A week in Provence (1)

September 13, 2013 § 7 Comments

In the Parc naturel régional du Luberon

In the Parc naturel régional du Luberon

I remember reading A Year in Provence – my mom’s library copy, which she passed to me when she was done – not long after it came out, when I was eleven. I also remember immediately resolving to visit Provence as soon as I’d finished. It took nearly thirteen years for that dream to come true.

My first taste of Provence came over the Easter break the year I worked as an assistante d’anglais in Tours. I spent it travelling across the south of France, working my way east from Toulouse to Nice. I was on a shoestring budget and was restricted to visiting places I could reach by train, but that meant I was able to spend several glorious days in Avignon and Arles. Well, glorious and exhausting – at that point I was still in Desperate Young American Traveller mode and determined to hit every single sight in every town I passed through, thinking it could well be the last time I ever visited. I distinctly remember my two days in Arles as one breathless dash from one Roman ruin to another, broken only by a night in one of the grimmest youth hostels I’ve ever stayed in.

Fast-forward ten years and I finally got, if not a Year in Provence, a much more leisurely and civilised week. This time, my boyfriend and I rented a cottage and (luxury of luxuries!) hired a car. It was his first time in Provence, but in some respects it felt like a first for me as well (even though I got to revisit both Avignon and Arles) – being able to explore the countryside at the slow pace it deserves.

And yes, it’s probably shamelessly self-indulgent to post my holiday snaps here, but it is my blog, after all.

Lagnes

The cottage we chose was in Lagnes. Never heard of it? Don’t worry, that makes you part of the 99.999999999999% of the world’s population who hasn’t. Lagnes is tiny. It has one square with a fountain (above), a minuscule grocery, a café/tabac/newsagent and a single restaurant (L’Auberge de Lagnes) that happens to be extremely good (‘even if the chef is English’, our landlady and her husband told us, sounding mildly scandalised). What makes it a perfect place to stay is its location – on the doorstep of the Parc naturel régional du Luberon, and a short drive (or in a few cases, hike) from scores of lovely villages and towns.

Isle sur la Sorgue 1Isle sur la Sorgue 2The nearest town of any size is L’Isle sur la Sorgue, which, as its name suggests, is built over a series of islands in the River Sorgue. Apart from the moss-covered waterwheels and bridges, it’s best known for its Sunday market – food in the morning, antiques (its main claim to fame) all day.

Isle sur la Sorgue 3Isle sur la Sorgue 4Isle sur la Sorgue 5Peter Mayle said the one thing you can’t find in Isle-sur-la-Sorgue is a bargain, and almost 25 years after he wrote those words, that’s probably even more the case. The bric-a-brac sellers set up along the quays, but there are several indoor markets whose goods are of the same quality and, sadly, price as you would find in Paris. I did treat myself to an old postcard, but apart from that I was content just to photograph the stalls. (Besides, let’s be honest – there really isn’t room in my flat for a bunch of old soda siphons and pétanque balls.)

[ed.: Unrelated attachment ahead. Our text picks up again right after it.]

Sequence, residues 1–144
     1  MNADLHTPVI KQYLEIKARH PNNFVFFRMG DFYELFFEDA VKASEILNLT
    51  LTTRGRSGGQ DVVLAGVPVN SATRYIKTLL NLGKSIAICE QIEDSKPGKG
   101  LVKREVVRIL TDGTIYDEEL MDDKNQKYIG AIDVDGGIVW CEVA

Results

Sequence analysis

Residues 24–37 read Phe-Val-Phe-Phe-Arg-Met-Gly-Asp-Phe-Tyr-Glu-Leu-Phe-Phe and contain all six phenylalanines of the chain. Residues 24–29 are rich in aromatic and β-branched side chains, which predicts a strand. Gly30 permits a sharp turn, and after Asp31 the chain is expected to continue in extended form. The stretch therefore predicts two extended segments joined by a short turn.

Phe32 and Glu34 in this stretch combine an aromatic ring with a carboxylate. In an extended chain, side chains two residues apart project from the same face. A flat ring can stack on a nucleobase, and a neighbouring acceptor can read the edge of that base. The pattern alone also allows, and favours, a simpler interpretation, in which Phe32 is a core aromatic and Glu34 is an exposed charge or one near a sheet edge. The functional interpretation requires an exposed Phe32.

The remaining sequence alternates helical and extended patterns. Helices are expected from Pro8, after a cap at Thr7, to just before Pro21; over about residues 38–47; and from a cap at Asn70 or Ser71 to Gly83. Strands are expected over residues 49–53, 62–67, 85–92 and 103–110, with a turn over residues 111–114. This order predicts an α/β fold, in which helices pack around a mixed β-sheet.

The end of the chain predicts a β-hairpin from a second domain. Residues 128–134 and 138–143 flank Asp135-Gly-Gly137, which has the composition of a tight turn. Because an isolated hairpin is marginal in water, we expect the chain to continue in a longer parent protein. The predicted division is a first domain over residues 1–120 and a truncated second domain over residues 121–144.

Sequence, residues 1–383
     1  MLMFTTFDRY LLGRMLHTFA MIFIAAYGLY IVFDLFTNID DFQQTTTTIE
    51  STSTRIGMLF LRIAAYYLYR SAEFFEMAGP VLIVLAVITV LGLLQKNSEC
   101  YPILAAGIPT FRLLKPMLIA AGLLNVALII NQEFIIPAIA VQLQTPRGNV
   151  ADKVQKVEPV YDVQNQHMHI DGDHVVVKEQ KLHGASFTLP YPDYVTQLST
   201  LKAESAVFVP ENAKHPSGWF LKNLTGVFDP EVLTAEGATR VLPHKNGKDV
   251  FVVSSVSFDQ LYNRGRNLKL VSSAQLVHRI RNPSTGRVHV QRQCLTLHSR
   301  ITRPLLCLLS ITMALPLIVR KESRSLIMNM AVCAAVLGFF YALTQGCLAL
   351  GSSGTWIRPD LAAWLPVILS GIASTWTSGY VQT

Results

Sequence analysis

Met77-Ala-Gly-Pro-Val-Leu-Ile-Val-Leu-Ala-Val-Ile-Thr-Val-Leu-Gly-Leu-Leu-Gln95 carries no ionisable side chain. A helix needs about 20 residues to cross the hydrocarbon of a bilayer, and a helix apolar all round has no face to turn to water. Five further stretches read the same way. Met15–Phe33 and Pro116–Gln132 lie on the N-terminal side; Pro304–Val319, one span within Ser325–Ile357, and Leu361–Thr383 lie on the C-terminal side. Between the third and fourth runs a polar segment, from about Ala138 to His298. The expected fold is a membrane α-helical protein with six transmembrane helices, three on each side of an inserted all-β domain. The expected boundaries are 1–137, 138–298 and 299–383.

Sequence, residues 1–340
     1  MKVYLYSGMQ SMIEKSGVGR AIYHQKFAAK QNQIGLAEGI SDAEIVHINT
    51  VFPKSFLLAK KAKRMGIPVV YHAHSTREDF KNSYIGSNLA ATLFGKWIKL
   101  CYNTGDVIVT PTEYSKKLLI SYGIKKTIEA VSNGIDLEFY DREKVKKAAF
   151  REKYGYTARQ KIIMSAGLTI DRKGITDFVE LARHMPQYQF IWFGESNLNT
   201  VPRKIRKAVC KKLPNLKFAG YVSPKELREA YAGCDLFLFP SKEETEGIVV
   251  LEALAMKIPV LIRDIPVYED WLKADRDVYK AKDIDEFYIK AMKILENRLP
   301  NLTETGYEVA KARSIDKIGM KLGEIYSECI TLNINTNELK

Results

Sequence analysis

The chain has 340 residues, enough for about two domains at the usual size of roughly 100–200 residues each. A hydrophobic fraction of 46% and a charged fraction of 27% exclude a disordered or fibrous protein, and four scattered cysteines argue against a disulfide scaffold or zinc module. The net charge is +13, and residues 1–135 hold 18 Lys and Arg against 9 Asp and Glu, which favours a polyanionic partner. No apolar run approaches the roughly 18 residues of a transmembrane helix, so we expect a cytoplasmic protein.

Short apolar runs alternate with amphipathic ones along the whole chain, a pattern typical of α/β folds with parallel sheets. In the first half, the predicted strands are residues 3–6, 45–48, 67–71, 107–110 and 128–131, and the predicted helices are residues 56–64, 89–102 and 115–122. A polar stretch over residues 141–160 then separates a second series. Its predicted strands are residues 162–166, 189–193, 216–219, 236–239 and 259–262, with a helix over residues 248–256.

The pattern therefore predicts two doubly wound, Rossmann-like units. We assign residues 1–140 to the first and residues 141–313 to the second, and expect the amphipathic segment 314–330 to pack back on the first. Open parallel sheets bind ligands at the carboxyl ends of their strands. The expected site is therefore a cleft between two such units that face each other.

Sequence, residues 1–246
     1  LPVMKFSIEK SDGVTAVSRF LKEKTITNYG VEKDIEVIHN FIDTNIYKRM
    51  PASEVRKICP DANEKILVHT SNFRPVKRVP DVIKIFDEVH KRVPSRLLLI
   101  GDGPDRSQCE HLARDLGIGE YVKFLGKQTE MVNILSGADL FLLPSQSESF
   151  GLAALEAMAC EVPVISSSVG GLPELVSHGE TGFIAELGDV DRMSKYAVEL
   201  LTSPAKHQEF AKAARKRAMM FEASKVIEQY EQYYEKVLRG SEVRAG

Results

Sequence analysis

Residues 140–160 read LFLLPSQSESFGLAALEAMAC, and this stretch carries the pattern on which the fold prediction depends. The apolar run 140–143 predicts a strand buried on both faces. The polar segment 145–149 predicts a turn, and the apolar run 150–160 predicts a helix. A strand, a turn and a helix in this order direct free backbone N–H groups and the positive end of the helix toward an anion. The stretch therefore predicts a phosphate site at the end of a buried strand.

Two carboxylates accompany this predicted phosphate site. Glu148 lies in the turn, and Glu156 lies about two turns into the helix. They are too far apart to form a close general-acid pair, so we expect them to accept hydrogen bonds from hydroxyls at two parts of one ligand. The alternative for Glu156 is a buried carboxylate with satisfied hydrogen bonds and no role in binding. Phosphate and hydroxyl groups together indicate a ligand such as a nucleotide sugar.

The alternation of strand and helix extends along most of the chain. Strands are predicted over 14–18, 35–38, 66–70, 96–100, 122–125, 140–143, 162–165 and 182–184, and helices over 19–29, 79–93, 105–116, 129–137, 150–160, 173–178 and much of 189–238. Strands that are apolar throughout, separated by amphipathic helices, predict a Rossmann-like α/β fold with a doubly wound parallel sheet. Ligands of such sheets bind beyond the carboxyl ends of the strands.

Avignon - La MonnaieAvignon - Palais des PapesThe second day, we spent in Avignon. I didn’t feel all that compelled to photograph everything since I’d done that ten years ago… which was quite liberating. We spent most of the day at the Palais des Papes and the Musée du Petit Palais, and at least half of my enjoyment was in seeing my boyfriend experience them for the first time. The main subject of my Avignon photos, I’ll leave for a future post (no spoilers here!)…

Fontaine de Vaucluse 1Fontaine de Vaucluse 2Fontaine de Vaucluse 3The next day, we left the car behind and hiked to Fontaine de Vaucluse, the source of the Sorgue. Apparently it gushes out of the mountainside at a much more impressive rate in early spring, but this aside, we were both floored by the beauty of the place and the crystalline clarity of the water. The village itself is barely larger than Lagnes and boasts its share of souvenir shops, a working paper mill (busman’s holiday!), and a museum dedicated to Petrarch which we skipped in favour of strolling along the river and eating truite meunière at one of the waterside restaurants. Besides, one always needs an excuse to return, right?

Arles 1Arles 2Arles 3Arles 4Arles 5Arles 6Arles 7The next day we got back in the car and headed off to Arles. I’d assumed I wouldn’t be taking too many photos here, for the same reasons as in Avignon, but I proved unequal to the temptation of the west front of St Trophîme. Those angels…!

(More tomorrow.)

 

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